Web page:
Wareham Elks Lodge expands students' vocabulary
If words are a gateway to knowledge, then Wareham’s third-graders may have the ultimate guide when it comes to unlocking the world around them.
On Wednesday, 150 third-graders from Minot Forest Elementary School received their own Webster dictionaries, courtesy of the Wareham Elks Lodge. The yellow-covered sourcebooks of the English language were eagerly received by students during a 20-minute program in the school’s auditorium.
Elks Lodge representatives Susan Gifford, Jennifer Watson, Jonie Hackett, and David Carson handed out dictionaries as part of a nationwide literacy initiative titled “The Dictionary Project,” which aims to “assist all students in becoming good writers, active readers, creative thinkers, and resourceful learners by providing them with their own personal dictionary.”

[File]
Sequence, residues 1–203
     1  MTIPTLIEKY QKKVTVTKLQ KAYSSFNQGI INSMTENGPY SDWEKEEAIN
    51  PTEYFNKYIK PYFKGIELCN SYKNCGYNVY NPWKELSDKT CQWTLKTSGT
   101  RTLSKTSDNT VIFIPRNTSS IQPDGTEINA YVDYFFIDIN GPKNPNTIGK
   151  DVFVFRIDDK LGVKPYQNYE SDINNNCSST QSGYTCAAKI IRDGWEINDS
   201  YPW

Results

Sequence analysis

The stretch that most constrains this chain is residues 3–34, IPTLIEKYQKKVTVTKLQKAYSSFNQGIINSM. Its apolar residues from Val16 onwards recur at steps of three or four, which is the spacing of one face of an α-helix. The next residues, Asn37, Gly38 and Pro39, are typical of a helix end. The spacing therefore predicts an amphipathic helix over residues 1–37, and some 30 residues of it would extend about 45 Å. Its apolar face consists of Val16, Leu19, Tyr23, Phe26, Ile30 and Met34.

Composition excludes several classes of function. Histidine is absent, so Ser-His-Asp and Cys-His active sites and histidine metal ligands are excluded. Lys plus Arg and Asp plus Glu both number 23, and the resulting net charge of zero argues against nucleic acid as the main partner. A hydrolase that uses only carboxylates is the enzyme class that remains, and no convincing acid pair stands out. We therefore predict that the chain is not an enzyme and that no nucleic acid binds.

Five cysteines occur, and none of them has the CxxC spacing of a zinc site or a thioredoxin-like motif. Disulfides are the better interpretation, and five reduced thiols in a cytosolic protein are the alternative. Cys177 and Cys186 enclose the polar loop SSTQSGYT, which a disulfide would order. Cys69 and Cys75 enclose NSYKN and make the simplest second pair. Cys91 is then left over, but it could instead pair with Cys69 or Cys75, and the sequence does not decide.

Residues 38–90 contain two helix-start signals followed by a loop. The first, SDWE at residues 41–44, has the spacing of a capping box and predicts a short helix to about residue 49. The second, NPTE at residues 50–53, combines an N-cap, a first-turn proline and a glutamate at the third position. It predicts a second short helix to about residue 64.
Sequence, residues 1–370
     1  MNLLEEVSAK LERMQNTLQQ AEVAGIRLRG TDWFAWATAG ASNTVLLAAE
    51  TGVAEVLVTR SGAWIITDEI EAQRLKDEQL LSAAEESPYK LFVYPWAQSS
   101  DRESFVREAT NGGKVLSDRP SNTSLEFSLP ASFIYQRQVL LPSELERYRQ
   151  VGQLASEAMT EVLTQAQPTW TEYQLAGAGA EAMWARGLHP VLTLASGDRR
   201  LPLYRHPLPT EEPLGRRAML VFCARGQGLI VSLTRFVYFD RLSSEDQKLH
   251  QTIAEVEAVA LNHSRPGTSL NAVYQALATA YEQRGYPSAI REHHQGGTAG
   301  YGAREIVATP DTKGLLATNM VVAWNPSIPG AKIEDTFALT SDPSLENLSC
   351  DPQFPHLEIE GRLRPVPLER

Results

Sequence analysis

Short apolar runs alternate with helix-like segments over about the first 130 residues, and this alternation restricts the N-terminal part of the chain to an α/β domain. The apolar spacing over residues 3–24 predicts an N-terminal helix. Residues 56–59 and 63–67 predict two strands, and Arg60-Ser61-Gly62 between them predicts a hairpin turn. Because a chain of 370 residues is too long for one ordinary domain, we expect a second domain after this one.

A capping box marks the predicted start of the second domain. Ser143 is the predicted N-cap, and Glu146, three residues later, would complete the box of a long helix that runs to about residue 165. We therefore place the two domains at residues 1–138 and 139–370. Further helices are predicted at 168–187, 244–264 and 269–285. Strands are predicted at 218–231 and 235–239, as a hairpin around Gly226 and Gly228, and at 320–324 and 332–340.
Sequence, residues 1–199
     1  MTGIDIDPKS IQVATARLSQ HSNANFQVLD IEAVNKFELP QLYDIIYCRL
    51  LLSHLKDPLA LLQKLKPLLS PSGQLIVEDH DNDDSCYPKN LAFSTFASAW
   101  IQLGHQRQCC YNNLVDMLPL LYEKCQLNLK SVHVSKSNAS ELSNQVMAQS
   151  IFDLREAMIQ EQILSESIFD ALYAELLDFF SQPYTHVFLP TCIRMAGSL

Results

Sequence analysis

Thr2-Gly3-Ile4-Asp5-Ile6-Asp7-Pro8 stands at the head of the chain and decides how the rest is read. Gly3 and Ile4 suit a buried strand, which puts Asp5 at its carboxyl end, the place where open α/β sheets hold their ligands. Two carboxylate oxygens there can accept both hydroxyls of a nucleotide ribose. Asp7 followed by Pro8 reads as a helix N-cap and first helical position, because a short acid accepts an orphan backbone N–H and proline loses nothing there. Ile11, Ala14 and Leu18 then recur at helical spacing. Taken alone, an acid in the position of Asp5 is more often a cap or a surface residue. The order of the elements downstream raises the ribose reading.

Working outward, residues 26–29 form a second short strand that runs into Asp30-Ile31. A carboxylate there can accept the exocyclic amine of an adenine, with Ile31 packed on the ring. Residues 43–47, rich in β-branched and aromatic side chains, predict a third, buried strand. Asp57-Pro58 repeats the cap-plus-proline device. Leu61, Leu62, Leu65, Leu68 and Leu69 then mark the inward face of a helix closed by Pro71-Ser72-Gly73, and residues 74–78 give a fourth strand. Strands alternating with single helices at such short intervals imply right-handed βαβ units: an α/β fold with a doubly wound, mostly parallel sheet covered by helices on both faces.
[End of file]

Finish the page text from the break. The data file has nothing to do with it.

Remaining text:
Gifford, who has been involved in the project for years, said excitement among the kids has been a constant.
“These kids are going to love it,” said Gifford. “You’d think we are giving them bicycles.”
Gifford agreed that even though we live in a time when computers play a major role in everyday life, the dictionary will not — and should not — go the way of the dinosaurs.
“Even in this day and age when we have computers, I have trouble spelling words,” said Gifford. “I think it is important to have a book in front of you that you can refer to and look up what things mean.”
Students immediately opened their dictionaries upon receipt and began browsing through the content. Elks representatives directed students to a couple of specific locations in the book for special features such as sign language and the Braille alphabets, but otherwise, let the students discover the books’ benefits on their own.